You can see how small the tang is as it enters the handle.



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Lafayette C Curtis




Location: Indonesia
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PostPosted: Fri 21 Mar, 2008 5:32 am    Post subject:         Reply with quote

Yeah. I've handled a few keris myself, so I'm quite familiar with the flimsy tang. I wonder if it might have been an intentional design feature?

BTW, what collection does that last keris belong to? I might have seen it, or maybe something very like it in a recent fair.
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Bill Marsh





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PostPosted: Fri 21 Mar, 2008 5:43 am    Post subject:         Reply with quote

Lafayette C Curtis wrote:
Yeah. I've handled a few keris myself, so I'm quite familiar with the flimsy tang. I wonder if it might have been an intentional design feature?

BTW, what collection does that last keris belong to? I might have seen it, or maybe something very like it in a recent fair.


The flimsy tang design makes for easy handle removal.

In Javanese collecting the dress (everything but the blade) can be changed many times during the life of the owner depending on changes in his financial, political, marriage, age and other conditions. The blade is kept in pristine condition and oiled with scented oil.

The blade is older, maybe 100-150 years, the dress is recent. My oldest documented blade was made in about 1601 during the reign of Sultan Agung.

The keris and others in my photos are in my collection.
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Werner Stiegler





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PostPosted: Fri 21 Mar, 2008 7:01 am    Post subject:         Reply with quote

Bill Marsh wrote:

A Moro might work himself into a state of juramentado where he would run amok among the enemy, whether soldiers, or enemy civilians and in a frenzy kill everyone near him. In this frenzy he was incredibly strong, fast, felt no pain and was without reason ---- he could only be stopped by death, and this death was best done by bullets from a distance beyond his blade!
I'd be in a mystical frenzy too if my genitals were being squashed by drying leather thongs.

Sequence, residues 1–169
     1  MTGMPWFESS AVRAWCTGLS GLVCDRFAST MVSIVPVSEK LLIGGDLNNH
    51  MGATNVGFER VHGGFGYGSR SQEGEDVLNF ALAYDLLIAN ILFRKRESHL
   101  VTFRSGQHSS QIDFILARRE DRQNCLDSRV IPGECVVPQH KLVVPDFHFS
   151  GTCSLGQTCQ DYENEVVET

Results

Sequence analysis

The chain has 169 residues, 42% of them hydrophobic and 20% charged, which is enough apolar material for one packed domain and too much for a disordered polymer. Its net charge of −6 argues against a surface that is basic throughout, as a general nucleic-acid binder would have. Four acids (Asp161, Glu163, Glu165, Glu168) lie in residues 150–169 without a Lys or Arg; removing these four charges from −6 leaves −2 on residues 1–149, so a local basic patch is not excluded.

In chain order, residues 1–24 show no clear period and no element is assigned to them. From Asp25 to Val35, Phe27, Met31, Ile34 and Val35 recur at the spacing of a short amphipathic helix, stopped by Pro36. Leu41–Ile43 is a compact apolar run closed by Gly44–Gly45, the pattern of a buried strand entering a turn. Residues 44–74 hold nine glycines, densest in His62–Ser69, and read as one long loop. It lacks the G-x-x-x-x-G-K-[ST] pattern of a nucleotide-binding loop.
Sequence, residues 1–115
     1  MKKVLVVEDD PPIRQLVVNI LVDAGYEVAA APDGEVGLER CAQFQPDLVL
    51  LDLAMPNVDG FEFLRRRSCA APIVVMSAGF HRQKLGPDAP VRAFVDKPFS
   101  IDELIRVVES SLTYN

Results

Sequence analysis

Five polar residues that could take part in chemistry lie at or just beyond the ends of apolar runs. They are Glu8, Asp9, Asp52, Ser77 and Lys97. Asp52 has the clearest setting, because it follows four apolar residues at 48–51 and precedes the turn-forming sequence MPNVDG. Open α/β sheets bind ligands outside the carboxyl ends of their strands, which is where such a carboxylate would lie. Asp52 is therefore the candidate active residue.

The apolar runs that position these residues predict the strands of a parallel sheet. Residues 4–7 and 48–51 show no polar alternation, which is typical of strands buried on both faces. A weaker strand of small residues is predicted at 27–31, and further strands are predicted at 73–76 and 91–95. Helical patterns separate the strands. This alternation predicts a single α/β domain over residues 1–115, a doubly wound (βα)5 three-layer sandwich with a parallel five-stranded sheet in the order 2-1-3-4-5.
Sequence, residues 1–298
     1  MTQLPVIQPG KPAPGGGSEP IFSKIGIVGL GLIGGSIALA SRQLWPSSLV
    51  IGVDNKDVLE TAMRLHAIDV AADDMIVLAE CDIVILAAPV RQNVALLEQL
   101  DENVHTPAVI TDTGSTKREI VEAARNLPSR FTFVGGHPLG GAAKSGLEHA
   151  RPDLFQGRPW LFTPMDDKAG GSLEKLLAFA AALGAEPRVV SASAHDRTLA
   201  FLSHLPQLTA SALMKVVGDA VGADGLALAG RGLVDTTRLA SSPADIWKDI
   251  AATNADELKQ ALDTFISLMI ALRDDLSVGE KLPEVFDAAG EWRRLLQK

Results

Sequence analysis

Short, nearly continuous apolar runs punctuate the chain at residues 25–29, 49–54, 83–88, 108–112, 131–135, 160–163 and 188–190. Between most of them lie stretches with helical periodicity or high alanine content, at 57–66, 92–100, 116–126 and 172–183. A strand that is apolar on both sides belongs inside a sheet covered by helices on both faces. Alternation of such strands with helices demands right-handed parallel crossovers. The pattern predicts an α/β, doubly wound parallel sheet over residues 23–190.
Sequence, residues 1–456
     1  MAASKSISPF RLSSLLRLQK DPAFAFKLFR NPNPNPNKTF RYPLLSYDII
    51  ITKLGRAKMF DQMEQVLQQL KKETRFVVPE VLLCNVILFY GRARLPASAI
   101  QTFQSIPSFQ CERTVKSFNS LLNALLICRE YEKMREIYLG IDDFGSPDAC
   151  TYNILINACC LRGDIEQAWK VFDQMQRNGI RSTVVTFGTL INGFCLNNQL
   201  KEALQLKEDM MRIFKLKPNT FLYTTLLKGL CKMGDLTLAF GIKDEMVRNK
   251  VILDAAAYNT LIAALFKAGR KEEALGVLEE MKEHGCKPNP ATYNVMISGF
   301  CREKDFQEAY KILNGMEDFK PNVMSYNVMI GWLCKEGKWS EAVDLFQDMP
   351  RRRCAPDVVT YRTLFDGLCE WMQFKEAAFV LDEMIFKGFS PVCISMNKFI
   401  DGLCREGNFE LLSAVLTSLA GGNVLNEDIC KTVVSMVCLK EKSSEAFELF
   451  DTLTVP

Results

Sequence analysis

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Kelly Powell




Location: lawrence, kansas
Joined: 27 Feb 2008

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PostPosted: Fri 21 Mar, 2008 5:51 pm    Post subject:         Reply with quote

I heard something about the blades being poisoned again.....The history channels martial art show "human weapon"....You know the one where they got the little skinny kick boxer and the ex football player going country to country getting their buts whooped by differant martial art disciplines Big Grin ....
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Ben C.





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PostPosted: Sat 22 Mar, 2008 2:25 am    Post subject:         Reply with quote

Kelly Powell wrote:
I heard something about the blades being poisoned again.....The history channels martial art show "human weapon"....You know the one where they got the little skinny kick boxer and the ex football player going country to country getting their buts whooped by differant martial art disciplines Big Grin ....


the ex-football guy is Bill Duff. The other guy is Jason Chambers, a BJJ/MMA fighter who trains under Eddie Bravo at 10th Planet. Jason is 5'11" and 180lbs so he is by no means a "skinny little guy". Going by national statistics the average American is 5'9" and weighs around 165-170lbs in shape. The actually average weight is 190lbs but that is only due to the ever increasing rate of obesity.

The research used in the show is pretty poor and the 'fights' are mostly staged or at best just sparring sessions so I wouldn't put too much weight into what you see there. Human Weapon is actually a copy of another similar martial arts documentary series called Fight Quest. Fight Quest started production much earlier but a rival studio decided to try and one up them by creating and rushing through the production of Human Weapon in order to get broadcast first. Therefore there are a lot more mistakes made and dubious facts stated in Human Weapon compared to Fight Quest. That's not to say that Fight Quest is amazingly accurate either though.
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Kelly Powell




Location: lawrence, kansas
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PostPosted: Sat 22 Mar, 2008 5:08 am    Post subject:         Reply with quote

No offense meant, but you got to admit when they have him sparring around with man mountain he looks alot smaller then his stats Wink .....I watched that silat episode again and they state that not only is the keris covered in a deadly neuro toxin....it is incorporated into the blade during forging... Eek! ..So most likely they are talking about the arsenic paste used for cleaning...good call guys!